Active materials for adaptive architectural envelopes based on plant adaptation principles


  • Marlen Lopez aDepartment of Construction and Manufacturing Engineering. University of Oviedo, IDEASCAD Research Group. C/ Pedro Puig Adam. Campus de Viesques, Gijon
  • Ramon Rubio aDepartment of Construction and Manufacturing Engineering. University of Oviedo, IDEASCAD Research Group. C/ Pedro Puig Adam. Campus de Viesques, Gijon
  • Santiago Martın aDepartment of Construction and Manufacturing Engineering. University of Oviedo, IDEASCAD Research Group. C/ Pedro Puig Adam. Campus de Viesques, Gijon
  • Ben Croxford The Bartlett, Faculty of the Built Environment. UCL
  • Richard Jackson Institute of Biomedical Engineering. UCL




Active materials, adaptive architecture, biomimetics, energy efficiency, plants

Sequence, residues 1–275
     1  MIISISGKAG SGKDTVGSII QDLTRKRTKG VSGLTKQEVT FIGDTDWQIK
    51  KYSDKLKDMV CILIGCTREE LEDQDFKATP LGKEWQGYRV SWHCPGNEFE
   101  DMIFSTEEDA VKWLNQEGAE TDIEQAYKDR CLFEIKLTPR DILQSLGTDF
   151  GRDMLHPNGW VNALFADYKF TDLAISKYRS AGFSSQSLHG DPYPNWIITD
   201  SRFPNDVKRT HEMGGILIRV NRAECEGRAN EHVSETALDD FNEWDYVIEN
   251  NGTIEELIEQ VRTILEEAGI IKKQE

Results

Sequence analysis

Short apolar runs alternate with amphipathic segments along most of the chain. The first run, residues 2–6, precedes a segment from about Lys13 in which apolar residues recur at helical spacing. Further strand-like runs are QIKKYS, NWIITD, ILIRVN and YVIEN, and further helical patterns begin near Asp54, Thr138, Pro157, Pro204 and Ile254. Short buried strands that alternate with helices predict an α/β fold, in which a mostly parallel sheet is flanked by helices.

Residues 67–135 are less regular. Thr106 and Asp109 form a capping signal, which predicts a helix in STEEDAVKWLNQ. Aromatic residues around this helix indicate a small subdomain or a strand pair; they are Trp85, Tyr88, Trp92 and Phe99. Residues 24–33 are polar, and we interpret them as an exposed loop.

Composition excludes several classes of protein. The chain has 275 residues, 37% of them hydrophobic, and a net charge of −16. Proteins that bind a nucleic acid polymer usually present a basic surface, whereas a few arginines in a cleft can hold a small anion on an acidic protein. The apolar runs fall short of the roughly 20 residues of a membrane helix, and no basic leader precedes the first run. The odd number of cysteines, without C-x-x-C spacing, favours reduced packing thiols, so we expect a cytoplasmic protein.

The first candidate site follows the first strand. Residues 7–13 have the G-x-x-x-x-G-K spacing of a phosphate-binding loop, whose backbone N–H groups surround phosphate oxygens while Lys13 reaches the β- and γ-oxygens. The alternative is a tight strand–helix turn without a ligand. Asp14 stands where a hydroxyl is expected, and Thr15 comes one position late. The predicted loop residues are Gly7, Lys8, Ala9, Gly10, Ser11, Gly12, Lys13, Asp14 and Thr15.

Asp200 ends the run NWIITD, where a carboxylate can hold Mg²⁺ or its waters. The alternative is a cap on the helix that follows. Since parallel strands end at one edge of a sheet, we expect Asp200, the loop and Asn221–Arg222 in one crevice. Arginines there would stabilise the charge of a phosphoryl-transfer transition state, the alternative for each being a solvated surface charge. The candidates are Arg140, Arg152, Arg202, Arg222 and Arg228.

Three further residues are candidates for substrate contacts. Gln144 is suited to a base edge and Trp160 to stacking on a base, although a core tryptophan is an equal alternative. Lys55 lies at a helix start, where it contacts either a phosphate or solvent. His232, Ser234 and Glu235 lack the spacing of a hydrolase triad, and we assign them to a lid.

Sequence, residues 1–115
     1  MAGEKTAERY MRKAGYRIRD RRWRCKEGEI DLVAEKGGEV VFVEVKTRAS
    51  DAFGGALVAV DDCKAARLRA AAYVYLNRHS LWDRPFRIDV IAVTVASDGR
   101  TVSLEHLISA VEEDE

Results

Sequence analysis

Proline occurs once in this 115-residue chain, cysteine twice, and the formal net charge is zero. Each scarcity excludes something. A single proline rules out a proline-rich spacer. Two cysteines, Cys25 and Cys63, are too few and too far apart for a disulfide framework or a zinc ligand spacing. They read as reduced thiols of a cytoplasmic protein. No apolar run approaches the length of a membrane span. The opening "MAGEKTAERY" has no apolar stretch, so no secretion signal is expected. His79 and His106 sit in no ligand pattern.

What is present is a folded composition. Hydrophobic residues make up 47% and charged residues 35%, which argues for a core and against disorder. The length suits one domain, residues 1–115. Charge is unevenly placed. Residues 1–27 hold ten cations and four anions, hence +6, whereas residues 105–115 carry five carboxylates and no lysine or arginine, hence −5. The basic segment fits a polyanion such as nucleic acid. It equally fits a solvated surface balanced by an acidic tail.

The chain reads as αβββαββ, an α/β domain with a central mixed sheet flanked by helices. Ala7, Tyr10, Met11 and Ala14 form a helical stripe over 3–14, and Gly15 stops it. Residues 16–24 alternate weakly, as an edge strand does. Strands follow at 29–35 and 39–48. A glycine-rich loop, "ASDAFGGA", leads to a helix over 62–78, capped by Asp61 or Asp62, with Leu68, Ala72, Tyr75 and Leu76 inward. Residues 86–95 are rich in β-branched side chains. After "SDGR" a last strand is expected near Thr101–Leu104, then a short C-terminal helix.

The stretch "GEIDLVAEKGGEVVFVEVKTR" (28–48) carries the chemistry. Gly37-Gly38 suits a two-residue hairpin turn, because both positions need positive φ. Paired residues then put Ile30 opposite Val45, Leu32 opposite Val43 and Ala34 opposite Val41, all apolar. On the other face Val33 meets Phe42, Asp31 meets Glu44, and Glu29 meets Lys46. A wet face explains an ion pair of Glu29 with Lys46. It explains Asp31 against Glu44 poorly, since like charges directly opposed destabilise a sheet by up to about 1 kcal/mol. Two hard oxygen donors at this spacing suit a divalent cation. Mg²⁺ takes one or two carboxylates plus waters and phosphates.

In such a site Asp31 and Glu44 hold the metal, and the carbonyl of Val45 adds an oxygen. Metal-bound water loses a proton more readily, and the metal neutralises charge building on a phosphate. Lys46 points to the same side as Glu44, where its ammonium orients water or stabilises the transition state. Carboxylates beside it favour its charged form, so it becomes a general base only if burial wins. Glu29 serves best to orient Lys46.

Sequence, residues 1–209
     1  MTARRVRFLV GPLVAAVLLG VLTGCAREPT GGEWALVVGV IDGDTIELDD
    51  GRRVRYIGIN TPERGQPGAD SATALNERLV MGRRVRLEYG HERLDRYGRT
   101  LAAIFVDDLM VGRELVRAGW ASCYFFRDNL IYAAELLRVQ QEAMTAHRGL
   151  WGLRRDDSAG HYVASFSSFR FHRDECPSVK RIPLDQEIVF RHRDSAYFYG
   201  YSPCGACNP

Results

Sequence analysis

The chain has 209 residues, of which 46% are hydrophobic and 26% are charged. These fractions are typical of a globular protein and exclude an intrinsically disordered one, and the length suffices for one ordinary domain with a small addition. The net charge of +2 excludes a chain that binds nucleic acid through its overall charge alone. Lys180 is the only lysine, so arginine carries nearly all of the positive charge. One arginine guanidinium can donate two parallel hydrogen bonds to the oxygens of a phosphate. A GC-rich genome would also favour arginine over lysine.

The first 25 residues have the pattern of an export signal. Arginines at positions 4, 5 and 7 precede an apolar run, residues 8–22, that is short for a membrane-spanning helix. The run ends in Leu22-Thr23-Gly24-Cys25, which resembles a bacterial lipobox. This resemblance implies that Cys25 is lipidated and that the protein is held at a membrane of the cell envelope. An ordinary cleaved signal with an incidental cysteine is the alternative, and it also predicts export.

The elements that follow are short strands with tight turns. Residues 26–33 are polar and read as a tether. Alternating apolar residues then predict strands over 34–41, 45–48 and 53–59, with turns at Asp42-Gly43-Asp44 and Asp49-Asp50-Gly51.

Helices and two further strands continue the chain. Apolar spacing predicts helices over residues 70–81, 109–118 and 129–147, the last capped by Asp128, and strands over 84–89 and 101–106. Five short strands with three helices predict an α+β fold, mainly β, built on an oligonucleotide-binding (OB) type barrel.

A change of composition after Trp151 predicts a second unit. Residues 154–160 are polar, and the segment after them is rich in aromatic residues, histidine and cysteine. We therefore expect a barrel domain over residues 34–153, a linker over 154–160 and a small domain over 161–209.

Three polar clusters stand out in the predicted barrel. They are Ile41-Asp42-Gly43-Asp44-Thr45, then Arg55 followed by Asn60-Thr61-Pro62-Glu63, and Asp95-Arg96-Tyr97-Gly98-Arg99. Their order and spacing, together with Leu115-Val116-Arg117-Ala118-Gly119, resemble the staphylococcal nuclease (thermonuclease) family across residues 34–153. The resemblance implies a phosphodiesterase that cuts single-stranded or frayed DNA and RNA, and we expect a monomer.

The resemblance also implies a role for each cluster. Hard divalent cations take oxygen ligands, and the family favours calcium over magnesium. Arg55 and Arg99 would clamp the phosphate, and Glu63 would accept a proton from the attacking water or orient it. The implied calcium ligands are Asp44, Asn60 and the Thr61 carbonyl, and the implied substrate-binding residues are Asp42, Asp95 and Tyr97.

In this paper, the authors present research into adaptive architectural envelopes that adapt to environmental changes using active materials, as a result of application of biomimetic principles from plants to architecture. Buildings use large amounts of energy in order to maintain their internal comfort, because conventional buildings are designed to provide a static design solution. Most of the current solutions for facades are not designed for optimum adaptation to contextual issues and needs, while biological solutions to adaptation are often complex, multi-functional and highly responsive. We focus on plant adaptations to the environment, as, due to their immobility, they have developed special means of protection against weather changing conditions. Furthermore, recent developments in new technologies are allowing the possibility to transfer these plant adaptation strategies to technical implementation. These technologies include: multi-material 3D printing, advances in materials science and new capabilities in simulation software. Unlike traditional mechanical activation used for dynamic systems in kinetic facades, adaptive architectural envelopes require no complex electronics, sensors, or actuators. The paper proposes a research of the relationship that can be developed between active materials and environmental issues in order to propose innovative and low-tech design strategies to achieve living envelopes according to plant adaptation principles.





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